Tie Dye Baby Clothes


Tie Dye clothes are very trendy and are influenced by the West during the 1960s and 70s. The main characteristics of the clothing are bright colors and patterns, usually dyed onto cotton.

If you want your baby to be unique, catch attention and stand out from the crowd, Tie Dye is a good option.

2T FLAPDOODLES TIE DYE VELOUR HOODED JACKET CUTE


2T FLAPDOODLES TIE DYE VELOUR HOODED JACKET CUTE

Price: $5.99 (0 Bids)
Time Left: 2h 14m
RED CIRCLE TIE DYE GERBER BABY ONESIE


RED CIRCLE TIE DYE GERBER BABY ONESIE

Price: $11.99 (0 Bids)
Time Left: 4h 28m

Tie Dye Baby Clothes: The Basic Shopping Guide


Tie dye baby clothes are the coolest and most comfortable baby wear to hit the market since the purest cotton outfits. From hats to onesies, there are literally thousands of local stores and online retailers that offer quality tie-dye baby clothes that look really cute and cool. But which should you actually choose. Here’s a quick overview of how these tie dye outfits are made, features that you need to check, and how can you be sure that these tie-dye baby clothes are safe for your little one.

THE BASICS OF TIE-DYE

A fashion statement during the late 1960s, tie dyes had been popularized by Janis Joplin and John Sebastian. As one of the addition to the voluminous fashion patterns and style, clothing designed with reactive dyes is often made from woven fabric like cotton. While there are a lot of clothing styles infused with the colorful and bright patterns unique to tie dye, most clothing material adorned with this unique pattern are flowing and laid-back in construction. And like adult clothing, all tie-dye baby clothes follow the very same construction and pattern.

TIE DYE PATTERNS

From the traditional Mudmee tie dye of Thailand to the most basics of patterns, there are a lot of variations between these established styles. In reality, the tie dye patterns that you can shop around for is very much dependent on the style of the manufacturer. But to give you an overview the most established and known patterns of tie dye, we have here compiled a list of the basics:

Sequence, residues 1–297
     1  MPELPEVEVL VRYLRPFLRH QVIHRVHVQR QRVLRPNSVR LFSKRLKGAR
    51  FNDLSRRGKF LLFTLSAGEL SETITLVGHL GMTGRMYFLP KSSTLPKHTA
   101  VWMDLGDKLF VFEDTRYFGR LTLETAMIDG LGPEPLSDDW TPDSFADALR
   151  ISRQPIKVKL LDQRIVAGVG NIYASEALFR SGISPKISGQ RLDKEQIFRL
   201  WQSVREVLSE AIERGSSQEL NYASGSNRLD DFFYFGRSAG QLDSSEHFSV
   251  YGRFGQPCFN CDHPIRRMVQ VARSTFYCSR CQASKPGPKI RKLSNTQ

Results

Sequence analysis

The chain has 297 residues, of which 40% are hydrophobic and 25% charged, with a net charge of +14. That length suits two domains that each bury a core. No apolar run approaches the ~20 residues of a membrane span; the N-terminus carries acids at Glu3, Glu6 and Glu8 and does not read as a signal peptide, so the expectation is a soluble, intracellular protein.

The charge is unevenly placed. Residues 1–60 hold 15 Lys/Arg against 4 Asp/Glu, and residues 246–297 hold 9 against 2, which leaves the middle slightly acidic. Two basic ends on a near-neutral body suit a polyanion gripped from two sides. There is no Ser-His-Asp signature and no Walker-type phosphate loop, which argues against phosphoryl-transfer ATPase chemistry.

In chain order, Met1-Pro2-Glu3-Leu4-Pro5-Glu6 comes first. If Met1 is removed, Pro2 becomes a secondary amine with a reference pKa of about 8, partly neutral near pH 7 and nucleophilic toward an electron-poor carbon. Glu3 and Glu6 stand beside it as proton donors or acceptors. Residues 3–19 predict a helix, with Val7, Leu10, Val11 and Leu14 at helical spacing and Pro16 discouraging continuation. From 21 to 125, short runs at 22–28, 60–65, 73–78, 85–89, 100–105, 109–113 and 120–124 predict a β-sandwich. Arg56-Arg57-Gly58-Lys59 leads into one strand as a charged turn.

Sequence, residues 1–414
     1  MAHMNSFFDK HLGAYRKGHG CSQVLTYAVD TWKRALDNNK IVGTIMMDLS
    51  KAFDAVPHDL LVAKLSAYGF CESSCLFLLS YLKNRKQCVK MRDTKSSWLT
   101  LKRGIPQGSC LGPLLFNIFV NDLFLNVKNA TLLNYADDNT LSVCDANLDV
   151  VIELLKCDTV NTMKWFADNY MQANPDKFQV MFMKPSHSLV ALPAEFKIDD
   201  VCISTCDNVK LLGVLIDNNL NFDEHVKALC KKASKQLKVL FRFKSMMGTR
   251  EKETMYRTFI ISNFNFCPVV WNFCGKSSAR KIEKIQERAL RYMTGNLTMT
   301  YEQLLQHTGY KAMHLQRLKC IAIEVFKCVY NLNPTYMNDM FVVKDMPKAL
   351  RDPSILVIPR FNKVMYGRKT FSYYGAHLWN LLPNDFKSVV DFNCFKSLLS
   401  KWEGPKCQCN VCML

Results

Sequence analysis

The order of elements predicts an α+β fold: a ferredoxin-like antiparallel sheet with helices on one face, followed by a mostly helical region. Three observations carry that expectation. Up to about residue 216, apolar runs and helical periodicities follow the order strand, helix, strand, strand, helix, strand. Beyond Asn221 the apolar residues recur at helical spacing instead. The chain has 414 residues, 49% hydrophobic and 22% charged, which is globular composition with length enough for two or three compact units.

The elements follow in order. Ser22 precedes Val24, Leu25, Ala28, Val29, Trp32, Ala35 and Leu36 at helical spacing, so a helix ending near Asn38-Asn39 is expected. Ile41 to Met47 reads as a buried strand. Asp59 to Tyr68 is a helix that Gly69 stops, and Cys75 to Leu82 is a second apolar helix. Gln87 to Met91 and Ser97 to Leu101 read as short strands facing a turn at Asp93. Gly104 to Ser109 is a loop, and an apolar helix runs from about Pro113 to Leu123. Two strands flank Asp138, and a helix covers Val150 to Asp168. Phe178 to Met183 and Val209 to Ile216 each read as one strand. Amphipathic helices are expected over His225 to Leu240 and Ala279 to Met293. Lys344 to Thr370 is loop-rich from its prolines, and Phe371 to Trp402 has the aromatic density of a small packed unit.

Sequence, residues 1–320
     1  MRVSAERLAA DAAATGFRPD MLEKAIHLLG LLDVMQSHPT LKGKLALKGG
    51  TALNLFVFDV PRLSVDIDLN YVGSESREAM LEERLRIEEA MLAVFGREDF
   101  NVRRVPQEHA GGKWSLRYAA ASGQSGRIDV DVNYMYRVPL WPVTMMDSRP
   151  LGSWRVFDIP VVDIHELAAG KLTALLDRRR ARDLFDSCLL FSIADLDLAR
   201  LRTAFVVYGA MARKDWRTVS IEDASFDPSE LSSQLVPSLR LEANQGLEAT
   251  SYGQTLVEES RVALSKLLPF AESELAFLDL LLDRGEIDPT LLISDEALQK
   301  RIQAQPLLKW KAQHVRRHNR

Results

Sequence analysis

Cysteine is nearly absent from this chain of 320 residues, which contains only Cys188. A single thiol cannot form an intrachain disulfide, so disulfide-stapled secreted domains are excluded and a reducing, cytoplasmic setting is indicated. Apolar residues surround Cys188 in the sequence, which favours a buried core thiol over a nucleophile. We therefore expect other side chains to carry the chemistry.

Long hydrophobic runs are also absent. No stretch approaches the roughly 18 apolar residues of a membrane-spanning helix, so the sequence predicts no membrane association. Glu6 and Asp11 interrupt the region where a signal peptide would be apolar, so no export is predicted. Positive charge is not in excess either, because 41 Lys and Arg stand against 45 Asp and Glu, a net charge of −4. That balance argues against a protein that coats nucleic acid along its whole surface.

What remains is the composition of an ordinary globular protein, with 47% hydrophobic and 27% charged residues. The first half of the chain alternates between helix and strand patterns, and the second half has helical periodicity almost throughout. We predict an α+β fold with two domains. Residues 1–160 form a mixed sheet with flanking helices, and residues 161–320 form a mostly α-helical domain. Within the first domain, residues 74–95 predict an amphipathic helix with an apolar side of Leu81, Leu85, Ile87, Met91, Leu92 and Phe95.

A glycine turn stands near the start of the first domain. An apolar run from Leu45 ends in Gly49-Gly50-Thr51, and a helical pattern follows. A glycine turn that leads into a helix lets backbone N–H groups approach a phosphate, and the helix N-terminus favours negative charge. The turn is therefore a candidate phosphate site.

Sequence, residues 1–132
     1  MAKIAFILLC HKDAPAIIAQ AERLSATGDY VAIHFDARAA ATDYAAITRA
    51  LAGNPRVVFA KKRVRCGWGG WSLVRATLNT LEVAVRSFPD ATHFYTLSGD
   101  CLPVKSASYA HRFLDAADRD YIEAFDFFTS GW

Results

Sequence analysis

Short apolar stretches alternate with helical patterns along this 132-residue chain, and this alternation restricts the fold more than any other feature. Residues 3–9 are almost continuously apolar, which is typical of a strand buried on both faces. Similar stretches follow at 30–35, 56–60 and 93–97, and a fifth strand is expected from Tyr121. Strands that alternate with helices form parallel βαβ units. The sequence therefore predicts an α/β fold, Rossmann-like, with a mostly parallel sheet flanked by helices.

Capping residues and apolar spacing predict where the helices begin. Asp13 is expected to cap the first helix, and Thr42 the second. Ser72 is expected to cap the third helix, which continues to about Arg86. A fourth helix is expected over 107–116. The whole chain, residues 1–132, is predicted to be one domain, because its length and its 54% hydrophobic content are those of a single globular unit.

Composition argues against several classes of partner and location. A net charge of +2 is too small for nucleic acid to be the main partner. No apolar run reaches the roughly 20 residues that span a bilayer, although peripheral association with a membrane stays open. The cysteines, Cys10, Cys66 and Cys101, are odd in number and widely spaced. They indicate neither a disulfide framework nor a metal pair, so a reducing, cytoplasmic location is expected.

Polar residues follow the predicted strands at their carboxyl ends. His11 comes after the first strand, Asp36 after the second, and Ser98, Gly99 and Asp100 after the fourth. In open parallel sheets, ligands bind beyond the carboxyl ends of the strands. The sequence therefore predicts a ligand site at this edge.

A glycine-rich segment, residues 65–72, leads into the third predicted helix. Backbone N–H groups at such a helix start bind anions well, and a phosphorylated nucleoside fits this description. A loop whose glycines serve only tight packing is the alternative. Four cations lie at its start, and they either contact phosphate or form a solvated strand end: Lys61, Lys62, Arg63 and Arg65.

Spiral is undeniably the most common an easiest achieved tie dye pattern. Spiral patterns are essentially are made by bundling a small section of the cloth using a simple kitchen fork or clothes pin. The swirls are created by rotating the piece of the fabric together and gathering it into a leveled round bundle. The bundle is, then, colored using different dye colors to recreate the spiral pattern.

“V” shape is another common tie dye pattern. By simply folding the fabric vertically, the artist can now start to draw a diagonal line starting at the shoulder area. This process is, then, repeated to the other side of the fabric.

Random circles are created by tying the fabric with elastic bands in different places. While there is no rule in making this pattern in the fabric (and generally in tie dye), essentially, the less fabric is tied, the smaller the circles will appear.

Mudmee tie dye, as specifically mentioned above, is a style that originated in Laos and Thailand. While there had been a growing number of manufacturers that introduce variations in recreating this pattern, one of the most common features of Mudmee tie dye is the black base color.

ARE TIE DYE BABY CLOTHES SAFE?

One of the latest fashion trends in baby clothing travels the green path. Organic baby clothes are undeniably the fastest selling and most popular items in giants like Wal-Mart and Target. Alongside designer outfits, tie dye baby clothes are also following the same suit. But since we all know that these baby clothes are literally soaked with coloring treatments and chemicals, how safe are these tie dye baby clothes?

Check the label to be sure. But make sure that you check out the manufacturer’s website and learn about the chemical that they use in dying the material. One of the most common types of dye that manufacturers use is the Procion MX, which makes it great item to work with at warm temperatures. This dye is known for its permanent binding characteristic with cotton, hemp, rayon, and linen. While there had been numerous studies done in testing the level of toxicity of Procion MX, no tie dye baby clothes had been, so far, recalled by any U.S. agency. For more information recalled consumer products, visit Recalls.gov (http://www.recalls.gov).